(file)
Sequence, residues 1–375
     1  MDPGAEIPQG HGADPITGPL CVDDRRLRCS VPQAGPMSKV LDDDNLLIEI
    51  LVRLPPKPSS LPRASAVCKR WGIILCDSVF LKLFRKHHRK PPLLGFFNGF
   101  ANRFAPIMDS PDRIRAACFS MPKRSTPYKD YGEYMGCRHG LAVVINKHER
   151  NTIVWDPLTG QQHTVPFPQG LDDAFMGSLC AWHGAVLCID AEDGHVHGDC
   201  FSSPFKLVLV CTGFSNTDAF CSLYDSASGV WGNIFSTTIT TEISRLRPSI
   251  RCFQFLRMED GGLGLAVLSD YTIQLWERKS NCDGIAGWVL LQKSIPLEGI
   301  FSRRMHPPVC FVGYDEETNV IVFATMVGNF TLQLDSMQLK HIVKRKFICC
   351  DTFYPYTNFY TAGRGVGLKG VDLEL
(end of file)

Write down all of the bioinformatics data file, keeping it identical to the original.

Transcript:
Sequence, residues 1–375
     1  MDPGAEIPQG HGADPITGPL CVDDRRLRCS VPQAGPMSKV LDDDNLLIEI
    51  LVRLPPKPSS LPRASAVCKR WGIILCDSVF LKLFRKHHRK PPLLGFFNGF
   101  ANRFAPIMDS PDRIRAACFS MPKRSTPYKD YGEYMGCRHG LAVVINKHER
   151  NTIVWDPLTG QQHTVPFPQG LDDAFMGSLC AWHGAVLCID AEDGHVHGDC
   201  FSSPFKLVLV CTGFSNTDAF CSLYDSASGV WGNIFSTTIT TEISRLRPSI
   251  RCFQFLRMED GGLGLAVLSD YTIQLWERKS NCDGIAGWVL LQKSIPLEGI
   301  FSRRMHPPVC FVGYDEETNV IVFATMVGNF TLQLDSMQLK HIVKRKFICC
   351  DTFYPYTNFY TAGRGVGLKG VDLEL